Ifira Land Management, a subsidiary of the Ifira Trustees Limited (ITL), ordered the closure of a shop operated by a person of Asian origin at Malapoa Estate outside of Port Vila in December after two years operation.
Reason given was that the lease for the land on which the business was located was a residential lease.
Senior Lands Office of the Ifira Land Management (ILM), Alick Kalmelu, explains that the lease for the land was not a commercial one, meaning the lessee was in breach by having the shop on the property.
He says all the leases in Malapoa Estate are residential leases, adding: “There are no commercial leases, meaning any shops, kava nakamals, garages or other business operations going on at Malapoa Estate are not allowed and we have to look into these commercial operations.”
“Those people operating kava nakamals and other commercial activities must cease those businesses,” he advises, warning that the ILM will seek legal avenues to stop them if they do not comply.
ILM manages land areas within Malapoa Estate — the former Peacock and De Gaillande subdivisions.
At the moment ILM are looking at how ITL came to occupy these plots of land before independence and to regularize all the dealings done before independence and immediately after independence in order to determine the exact legal status of the lands.
Alick Kalmelu tells Kizzy Kalsakau of 96 Buzz FM’s Vanuatu Nightly News that there are some people living illegally in these lands and ILM is looking into the status of the lands and how these people have come to occupy these lands whether legally or illegally before taking any action.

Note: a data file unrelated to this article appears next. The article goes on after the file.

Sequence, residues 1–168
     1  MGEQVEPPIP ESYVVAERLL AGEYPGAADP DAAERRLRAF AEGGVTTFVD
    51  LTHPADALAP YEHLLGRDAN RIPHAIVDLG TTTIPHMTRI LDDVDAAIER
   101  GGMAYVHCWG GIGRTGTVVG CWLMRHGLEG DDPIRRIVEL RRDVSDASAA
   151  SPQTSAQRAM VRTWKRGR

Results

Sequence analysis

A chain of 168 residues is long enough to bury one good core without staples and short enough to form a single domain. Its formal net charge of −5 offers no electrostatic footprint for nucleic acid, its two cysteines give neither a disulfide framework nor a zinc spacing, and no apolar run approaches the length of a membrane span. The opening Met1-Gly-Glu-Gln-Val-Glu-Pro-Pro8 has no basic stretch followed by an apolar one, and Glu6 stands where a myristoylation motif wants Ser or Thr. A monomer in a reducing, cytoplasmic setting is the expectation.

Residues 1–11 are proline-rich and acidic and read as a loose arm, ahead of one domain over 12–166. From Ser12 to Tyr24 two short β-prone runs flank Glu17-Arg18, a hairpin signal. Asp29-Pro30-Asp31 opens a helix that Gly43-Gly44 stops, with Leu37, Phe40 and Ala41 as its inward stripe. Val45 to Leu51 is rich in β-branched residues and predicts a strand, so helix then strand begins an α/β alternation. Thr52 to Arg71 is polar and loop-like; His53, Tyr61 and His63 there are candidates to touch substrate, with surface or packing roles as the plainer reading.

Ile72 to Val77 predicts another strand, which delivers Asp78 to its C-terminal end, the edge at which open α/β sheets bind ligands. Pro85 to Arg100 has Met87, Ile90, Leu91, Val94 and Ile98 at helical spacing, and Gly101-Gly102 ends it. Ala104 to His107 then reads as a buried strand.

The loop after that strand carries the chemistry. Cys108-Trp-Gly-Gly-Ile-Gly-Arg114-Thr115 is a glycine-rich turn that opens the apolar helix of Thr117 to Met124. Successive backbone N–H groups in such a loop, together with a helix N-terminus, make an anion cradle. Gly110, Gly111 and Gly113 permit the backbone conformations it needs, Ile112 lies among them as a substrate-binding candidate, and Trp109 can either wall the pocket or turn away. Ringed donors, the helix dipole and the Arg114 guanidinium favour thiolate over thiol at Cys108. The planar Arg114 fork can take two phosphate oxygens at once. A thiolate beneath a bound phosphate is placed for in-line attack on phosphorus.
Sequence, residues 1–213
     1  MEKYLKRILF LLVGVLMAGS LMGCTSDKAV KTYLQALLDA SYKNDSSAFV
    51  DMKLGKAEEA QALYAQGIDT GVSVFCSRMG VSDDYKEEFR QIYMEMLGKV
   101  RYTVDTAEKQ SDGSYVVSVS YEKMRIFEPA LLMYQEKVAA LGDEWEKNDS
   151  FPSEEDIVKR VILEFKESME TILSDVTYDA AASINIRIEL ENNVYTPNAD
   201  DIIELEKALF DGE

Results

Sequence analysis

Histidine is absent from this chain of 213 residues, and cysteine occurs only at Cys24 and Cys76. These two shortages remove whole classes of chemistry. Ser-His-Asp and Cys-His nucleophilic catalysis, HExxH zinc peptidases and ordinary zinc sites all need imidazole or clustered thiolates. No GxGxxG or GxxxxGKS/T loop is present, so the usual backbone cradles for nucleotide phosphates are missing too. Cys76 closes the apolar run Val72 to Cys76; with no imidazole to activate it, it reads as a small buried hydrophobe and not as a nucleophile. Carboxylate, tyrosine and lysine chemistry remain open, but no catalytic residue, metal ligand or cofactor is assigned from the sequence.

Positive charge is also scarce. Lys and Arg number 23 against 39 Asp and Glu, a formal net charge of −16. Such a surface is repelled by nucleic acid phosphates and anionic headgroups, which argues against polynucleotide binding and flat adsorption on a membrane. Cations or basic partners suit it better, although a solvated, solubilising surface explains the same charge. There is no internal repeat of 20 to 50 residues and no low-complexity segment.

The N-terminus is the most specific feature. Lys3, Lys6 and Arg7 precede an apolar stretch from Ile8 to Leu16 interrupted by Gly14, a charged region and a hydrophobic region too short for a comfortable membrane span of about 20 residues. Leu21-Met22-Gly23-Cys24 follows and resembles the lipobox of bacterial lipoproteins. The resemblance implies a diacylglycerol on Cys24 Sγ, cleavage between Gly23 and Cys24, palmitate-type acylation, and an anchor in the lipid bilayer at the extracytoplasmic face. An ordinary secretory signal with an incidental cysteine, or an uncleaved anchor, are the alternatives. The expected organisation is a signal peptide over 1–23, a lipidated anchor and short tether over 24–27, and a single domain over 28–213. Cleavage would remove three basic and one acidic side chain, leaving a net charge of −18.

“And we have to identify who are the squatters and who are legally occupying the lands.
“There are more than 20 so far identified including some from Ifira Island itself, many of these people just moved in and settled without entering into any lease agreements with Ifira Land Management.
“As far as the law is concerned, there are a number of documents showing breaches in lease agreements and lease contracts as far as the Lands Leases Act is concerned.
“Now, we have to use the laws of the country and the custom laws and combine the two to execute the decisions of the Land Management Board of Ifira to remove these squatters,” he added.
Kalmelu says that included in the group they are looking at are three to four expatriates living at Malapoa Estates illegally.
“That is to say that some time in the recent past, there has been some transactions in the banks on the lessees without the consent of the Ifira Chief, who is the chairman of Ifira Trustees Limited.”
He says they have given notices to the banks – National Bank of Vanuatu and Bred Bank especially, because “there have been some transactions between the banks and the new occupants of the lands and properties.”
He adds that there are also cases where some people are living on one piece of land but their mortgages are on another piece of land. And there are others still where people are occupying these plots of land without paying any money for them, and others also where people have paid undervalue costs for the lands.
“People from Ifira pay half of the value of the land, but the problem is that some other people are also paying the 50% value of the plots and we have to regularize these.
Some people live in Port Vila but do gardening at Malapoa Estate land and Kalmelu says that starting next week they will be issuing notices to these people to cease their activities and vacate the lands.
He advises that ILM Board will terminate the leases of those people who are occupying lands without completing their leases and then apply to the Office of the Valuer General as the law requires to carry out a proper valuation of the properties.
For those who refuse to vacate the lands, ILM Senior Lands Officer says ILM will need court orders to have them evicted using the Vanuatu Police Force and the Ifira Chief’s police.
“Ifira Land Management is ensuring that everything it is doing is done within the confines of the law.
“No favoritism or family reasons or whatever.
“Any other questions needing reconciliation will have to be referred to the Land Management Board and Chief of Ifira and the Chief’s Council of Ifira because we want transparency, accountability and all that,” Kalmelu concludes.